Laughter bubbles up from a crowded floor, echoing back to a rear balcony while bouncing off sports-bar accouterments: neon beer signs, flags for Notre Dame or Indiana. It could be normal weekend night at any watering hole—except everyone is facing the same direction, their attention locked on the stage. And that's a normal night at the Laugh Comedy Club, where nationally touring standups ply their jokes until people who weren't even drinking milk squirt milk out their nose. Nearby a full bar keeps glasses filled with tasty potations and a kitchen turns out a menu of pub fare.
Laugh Out Loud hosts well-established laugh conjurers and undiscovered comedic masterminds capable of leaving the audience doubled over in harmonized chuckles. Past Laugh Out Loud audience-slayers have graced the stages of HBO, Showtime, and Comedy Central, and upcoming performers include musical comedian Ron Feingold, who produces a cappella backup, lead, and percussive vocals with his three separate mouths (July 28–30). Lyndel Pleasant, a former stagemate of Chris Rock, weaves anecdotes of marriage and fatherhood into his act (August 4–6), and Ward Anderson, author of The Ultimate Bachelor’s Guide, tackles audiences with his physical comedy (August 11–13). All shows last approximately two hours and showcase three comedians or one mythical hydra that wants to know what the deal is with airplane peanuts.
“The South Bend area has needed an upscale, high energy comedy club for a long time,” says James Witty and Derek Davis, the business partners who ended South Bend’s comedy drought by opening The Drop Comedy Club in November 2012. The bustling venue keeps its calendar packed with visits from headlining comedians who have appeared on major networks such as NBC and Comedy Central. It also directs the spotlight toward up-and-comers ascending the comedy ranks, as well as a stable of house comics on call for all funny-bone emergencies. The club also sports a restaurant and a full bar that cater to social mingling, romantic dinners, or diners who want to stifle heckles from growling stomachs.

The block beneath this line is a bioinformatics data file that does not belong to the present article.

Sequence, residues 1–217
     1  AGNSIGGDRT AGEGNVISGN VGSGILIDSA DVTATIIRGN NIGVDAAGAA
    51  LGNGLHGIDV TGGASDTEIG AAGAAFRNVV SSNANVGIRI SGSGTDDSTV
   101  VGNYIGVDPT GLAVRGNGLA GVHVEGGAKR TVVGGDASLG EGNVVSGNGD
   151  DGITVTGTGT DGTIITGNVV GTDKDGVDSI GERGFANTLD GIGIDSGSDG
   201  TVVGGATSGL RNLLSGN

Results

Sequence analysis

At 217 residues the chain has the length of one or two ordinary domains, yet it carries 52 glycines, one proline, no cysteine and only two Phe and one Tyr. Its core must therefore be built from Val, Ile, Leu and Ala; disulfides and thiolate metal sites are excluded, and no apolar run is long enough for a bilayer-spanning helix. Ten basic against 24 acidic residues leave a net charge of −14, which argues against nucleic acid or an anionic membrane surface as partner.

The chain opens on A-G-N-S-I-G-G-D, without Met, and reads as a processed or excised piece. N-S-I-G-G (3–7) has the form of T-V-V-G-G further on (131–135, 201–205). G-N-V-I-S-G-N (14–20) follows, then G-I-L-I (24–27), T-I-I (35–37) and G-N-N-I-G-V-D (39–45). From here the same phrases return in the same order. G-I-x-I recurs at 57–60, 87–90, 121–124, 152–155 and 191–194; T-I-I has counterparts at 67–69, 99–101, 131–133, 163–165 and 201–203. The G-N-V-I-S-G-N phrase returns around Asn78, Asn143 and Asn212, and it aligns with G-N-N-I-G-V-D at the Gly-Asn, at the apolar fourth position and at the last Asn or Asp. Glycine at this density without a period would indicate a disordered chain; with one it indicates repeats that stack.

Dubbing the theater “The Palace” when it opened in 1921, Chicago architect J.S. Aroner strove to capture a regal ambiance with a patchwork of diverse, though uniformly opulent, building styles. Patrons today can spot baroque, Greco-Roman, and even art-deco designs as they drift through the restored rose, blue, and cream entryway. But in 1959, The Palace was crumbling, and it seemed that future generations would miss out on this aesthetic experience. A concerned citizen by the name of Mrs. Ella Morris swooped in, though, purchasing the building for an undisclosed sum and then selling it back to the city for $1, which she promptly blew on gumballs. Newly named, the theater welcomed such acts as Louis Armstrong, REO Speedwagon, and Fleetwood Mac in the ensuing decades until a major, two-year overhaul began in 1998. Now restored to its original condition, the venue hosts standup acts, Broadway musicals, big-name concert performances, and fully produced ballets.